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BeschreibungArgues for the importance of Darwin for the development of Nietzsche's philosophy, but emphasizes the antagonistic character of their relationship.
InhaltsverzeichnisIntroduction; Part I. Early Darwinism to the 'Anti-Darwin': 1. Towards the 'Anti-Darwin': Darwinian meditations in the middle period; 2. Overcoming the 'Man' in Man: Zarathustra's transvaluation of Darwinian categories; 3. Nietzsche Agonistes: a personal challenge to Darwin; Part II. Nietzsche's Genealogy of Morals: 4. Nietzsche's 'Nature'; or, whose playing field is it anyway?; 5. The birth of morality out of the spirit of the 'Bad Conscience'; 6. Darwin's 'Science': or, how to beat the shell game; Conclusion; Bibliography.
PortraitDirk R. Johnson is Associate Professor of Modern Languages at Hampden-Sydney College, USA.
Pressestimmen'Critics and advocates alike have long held that Nietzsche's ideas are an extension of Darwin's scientific legacy and that his criticisms of Darwinian theory are based on fundamental misunderstandings. In this subtle and insightful study, Dirk Johnson aims to overturn these assumptions, allowing us to appreciate the autonomy of Nietzsche's philosophical thinking. Johnson's careful and balanced examination of this crucial test case results in a powerful critique of the prevalent naturalistic approach to Nietzsche. This book will change the debate and become a benchmark for future work on this topic.' Paul S. Loeb, University of Puget Sound 'This book makes an important intervention in contemporary Nietzsche studies in the English-speaking world ... Johnson has written a study that merits being read by anyone with an interest in Nietzsche's relation to science, especially Darwinism, and an investment in the stakes of reading one of Nietzsche's masterpieces, On the Genealogy of Morality.' Keith Ansell-Pearson, Journal of Nietzsche Studies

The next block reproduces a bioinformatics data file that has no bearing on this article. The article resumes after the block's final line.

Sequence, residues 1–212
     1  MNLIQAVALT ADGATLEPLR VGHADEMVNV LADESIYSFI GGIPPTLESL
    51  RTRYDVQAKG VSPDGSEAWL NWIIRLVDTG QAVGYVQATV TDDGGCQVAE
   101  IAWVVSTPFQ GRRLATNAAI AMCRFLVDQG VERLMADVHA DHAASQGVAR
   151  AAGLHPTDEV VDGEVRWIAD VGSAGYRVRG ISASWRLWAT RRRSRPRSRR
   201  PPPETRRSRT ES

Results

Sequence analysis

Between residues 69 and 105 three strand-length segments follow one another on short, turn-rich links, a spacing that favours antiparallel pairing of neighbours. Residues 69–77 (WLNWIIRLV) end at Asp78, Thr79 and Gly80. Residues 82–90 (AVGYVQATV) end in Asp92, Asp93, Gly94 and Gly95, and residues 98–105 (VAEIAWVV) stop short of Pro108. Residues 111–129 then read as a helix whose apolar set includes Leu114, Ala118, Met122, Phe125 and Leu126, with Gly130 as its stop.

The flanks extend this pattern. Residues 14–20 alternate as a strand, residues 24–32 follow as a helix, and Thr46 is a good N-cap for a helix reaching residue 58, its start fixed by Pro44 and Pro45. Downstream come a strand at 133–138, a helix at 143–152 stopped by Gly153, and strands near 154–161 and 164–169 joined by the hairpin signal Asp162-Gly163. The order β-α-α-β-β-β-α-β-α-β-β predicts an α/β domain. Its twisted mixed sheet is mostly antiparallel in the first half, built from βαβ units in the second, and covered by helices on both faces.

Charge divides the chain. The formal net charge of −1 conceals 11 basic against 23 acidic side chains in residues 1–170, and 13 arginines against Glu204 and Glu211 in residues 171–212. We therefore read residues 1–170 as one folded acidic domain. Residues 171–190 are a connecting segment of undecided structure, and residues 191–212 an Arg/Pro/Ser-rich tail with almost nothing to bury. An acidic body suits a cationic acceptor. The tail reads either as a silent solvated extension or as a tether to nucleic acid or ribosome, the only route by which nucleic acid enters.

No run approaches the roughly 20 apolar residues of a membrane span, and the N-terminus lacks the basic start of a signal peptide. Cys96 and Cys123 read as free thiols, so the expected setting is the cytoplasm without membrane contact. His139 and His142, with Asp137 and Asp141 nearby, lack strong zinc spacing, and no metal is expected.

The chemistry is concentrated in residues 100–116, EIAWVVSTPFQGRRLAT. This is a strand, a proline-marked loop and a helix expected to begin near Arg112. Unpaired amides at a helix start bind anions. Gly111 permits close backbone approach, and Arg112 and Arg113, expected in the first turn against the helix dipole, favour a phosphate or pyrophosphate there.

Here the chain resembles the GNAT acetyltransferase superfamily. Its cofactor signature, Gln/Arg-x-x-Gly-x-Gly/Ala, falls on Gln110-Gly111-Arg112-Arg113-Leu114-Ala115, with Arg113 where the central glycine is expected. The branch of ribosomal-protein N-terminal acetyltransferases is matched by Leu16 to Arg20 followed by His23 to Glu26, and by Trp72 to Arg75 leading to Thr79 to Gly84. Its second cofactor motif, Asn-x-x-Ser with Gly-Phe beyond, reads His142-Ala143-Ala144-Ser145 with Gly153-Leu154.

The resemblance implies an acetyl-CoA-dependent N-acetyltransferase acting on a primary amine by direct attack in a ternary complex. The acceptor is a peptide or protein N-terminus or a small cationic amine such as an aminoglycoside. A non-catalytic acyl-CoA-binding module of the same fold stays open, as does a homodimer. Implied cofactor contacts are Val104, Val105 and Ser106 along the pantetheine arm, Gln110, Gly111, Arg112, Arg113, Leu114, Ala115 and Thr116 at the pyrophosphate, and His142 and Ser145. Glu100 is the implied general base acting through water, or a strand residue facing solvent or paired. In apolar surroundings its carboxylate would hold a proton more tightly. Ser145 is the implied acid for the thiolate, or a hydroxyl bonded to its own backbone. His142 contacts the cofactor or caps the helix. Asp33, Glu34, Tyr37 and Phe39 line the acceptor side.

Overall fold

Untertitel: Sprache: Englisch.
Verlag: CAMBRIDGE UNIVERSITY PRESS
Erscheinungsdatum: August 2010